Yesterday, OpenAI shared how they leverage GPT-4 for content moderation. It’s exciting to see LLM companies like OpenAI share best practices for how to use their technology to build better policy enforcement. We've already seen bad actors leverage LLMs to their advantage, so it's imperative that Trust & Safety teams do the same to stay ahead. And critically, OpenAI correctly called out that LLM-based approaches can learn the nuances of each platform’s specific set of policies, bringing us closer to a world in which platforms can build truly custom solutions that solve their unique needs.
That’s exactly why we built Cove AI: we want each platform to build Trust & Safety solutions that are tailored to their needs, and we think fine-tuned, human-guided LLMs are the best way to do that. This is how we envision the future of Trust & Safety - policy experts guiding LLMs to understand linguistic and policy nuances at scale.
Interestingly, OpenAI’s blog post walks through a similar workflow to what we’ve built with Cove AI. The results are comparable, but the effort and cost required are very different:
How do the Cove AI and OpenAI approaches differ?
Here’s an overview of both approaches:
You’ll notice a few key differences:
- Cove AI doesn’t ask the user to iteratively tweak the policy definition or wrestle with GPT-4’s mistakes. We’ve built ML infrastructure that takes the user’s small set of labels and improves the model's mistakes automatically.
- Cove offers a UI for this entire workflow, optimized for speed and ease-of-use so you don’t have to write code or master prompt engineering.
- Cove gives you all the post-launch tools out of the box, including:
-> Instant integration into your automated enforcement system (through Cove’s Automated Rules)
-> Measurement and monitoring
-> Rapid response capabilities - when new types of harm arise on your platform, you can build and tweak models and have them deployed in minutes.
-> Your models improve automatically as moderators make new decisions (with your oversight)
How can Cove AI be 100x Cheaper than OpenAI?As the OpenAI team mentions in the blog post, relying on GPT-4 can get prohibitively expensive very quickly. To demonstrate… let’s do the math!
Let’s say you run a user-generated content platform. Here are a few assumptions about your platform:
- The average length of content on your platform is 40 words, which is equal to slightly more than 50 OpenAI tokens. (This, of course, varies widely across platforms, and is likely an underestimate for any platform that isn’t DM-heavy.)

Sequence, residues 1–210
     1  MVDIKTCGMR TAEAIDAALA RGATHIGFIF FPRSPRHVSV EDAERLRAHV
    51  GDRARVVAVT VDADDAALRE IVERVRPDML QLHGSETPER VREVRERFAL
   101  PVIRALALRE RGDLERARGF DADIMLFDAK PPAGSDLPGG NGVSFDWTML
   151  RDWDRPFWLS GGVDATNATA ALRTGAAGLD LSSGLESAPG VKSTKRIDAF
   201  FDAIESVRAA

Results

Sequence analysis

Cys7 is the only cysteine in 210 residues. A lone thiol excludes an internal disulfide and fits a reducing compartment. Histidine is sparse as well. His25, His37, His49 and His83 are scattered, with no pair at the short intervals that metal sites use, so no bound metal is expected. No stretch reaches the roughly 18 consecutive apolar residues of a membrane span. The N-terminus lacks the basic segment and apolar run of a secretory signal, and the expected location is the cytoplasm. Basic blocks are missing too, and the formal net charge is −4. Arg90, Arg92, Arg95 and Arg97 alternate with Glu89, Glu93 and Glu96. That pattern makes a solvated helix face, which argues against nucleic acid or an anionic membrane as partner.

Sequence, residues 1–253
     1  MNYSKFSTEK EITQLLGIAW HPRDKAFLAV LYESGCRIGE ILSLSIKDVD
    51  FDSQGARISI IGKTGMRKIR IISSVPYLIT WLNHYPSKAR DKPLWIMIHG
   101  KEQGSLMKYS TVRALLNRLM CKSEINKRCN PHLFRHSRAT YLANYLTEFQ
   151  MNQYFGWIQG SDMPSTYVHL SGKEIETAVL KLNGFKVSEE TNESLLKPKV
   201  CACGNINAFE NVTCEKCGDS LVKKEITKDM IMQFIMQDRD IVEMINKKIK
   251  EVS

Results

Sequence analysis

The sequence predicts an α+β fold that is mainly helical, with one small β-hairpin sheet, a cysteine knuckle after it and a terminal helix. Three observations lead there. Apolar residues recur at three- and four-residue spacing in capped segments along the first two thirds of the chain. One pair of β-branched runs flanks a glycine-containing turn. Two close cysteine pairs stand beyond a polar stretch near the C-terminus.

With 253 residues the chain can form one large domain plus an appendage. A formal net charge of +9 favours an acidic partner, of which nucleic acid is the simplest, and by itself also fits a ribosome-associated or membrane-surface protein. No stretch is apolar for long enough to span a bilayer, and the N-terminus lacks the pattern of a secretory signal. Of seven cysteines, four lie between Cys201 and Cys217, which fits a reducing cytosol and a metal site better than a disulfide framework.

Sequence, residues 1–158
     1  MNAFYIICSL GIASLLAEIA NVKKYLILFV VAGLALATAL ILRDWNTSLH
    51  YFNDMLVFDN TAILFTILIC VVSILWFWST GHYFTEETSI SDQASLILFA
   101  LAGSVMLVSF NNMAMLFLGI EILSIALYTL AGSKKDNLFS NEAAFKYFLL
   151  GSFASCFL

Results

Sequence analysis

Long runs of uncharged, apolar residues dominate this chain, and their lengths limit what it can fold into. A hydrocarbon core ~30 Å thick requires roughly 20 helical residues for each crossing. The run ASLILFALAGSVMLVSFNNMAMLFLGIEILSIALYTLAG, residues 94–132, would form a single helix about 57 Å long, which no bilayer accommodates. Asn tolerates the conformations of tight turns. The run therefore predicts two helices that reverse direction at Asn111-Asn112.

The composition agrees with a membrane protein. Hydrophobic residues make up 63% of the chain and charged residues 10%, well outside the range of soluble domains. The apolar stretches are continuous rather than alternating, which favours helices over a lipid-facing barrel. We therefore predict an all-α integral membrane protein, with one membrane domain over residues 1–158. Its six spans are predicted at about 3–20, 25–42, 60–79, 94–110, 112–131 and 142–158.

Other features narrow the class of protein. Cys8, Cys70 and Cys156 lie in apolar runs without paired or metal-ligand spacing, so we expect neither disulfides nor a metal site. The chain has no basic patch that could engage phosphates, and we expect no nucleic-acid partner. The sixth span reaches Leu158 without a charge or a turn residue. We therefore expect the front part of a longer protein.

- You have a set of content policies that prohibit harmful behavior, including harms like hate speech, violence, harassment, etc. You define each of these policies for your users and post them on your website so users know exactly what you allow and what you don’t. These policies have to be both succinct and sufficiently nuanced, so on average they’re 200 words each, which is roughly 270 OpenAI tokens.
- When you want to determine whether a piece of content violates a given policy, you need to construct a prompt that tells GPT-4 what you’re asking it to do - something like “Please tell me whether this comment violates the following policy definition. Provide a yes or no answer.” This prompt is roughly 20 OpenAI tokens.
- The cost of GPT-4’s output is negligible.
So, with every piece of content we run through GPT-4, we’re sending
into the model. At a price of $0.03 per 1K tokens, that amounts to:
Most platforms have at least 10-15 policies, so for each piece of content on your platform, if you want to enforce all your policies, you’d have to pay at least:
That’s a lot! And it’s roughly 100x more expensive than Cove AI. At Cove AI, we’ve figured out how to harness of the value of GPT-4 and other leading LLMs, and distill it down to a lighter-weight product that achieves the same outcomes for a drastically lower cost.
We’re always excited to see how Cove AI can help platforms with real-world use cases, so please schedule a demo with us if you’d like to learn more!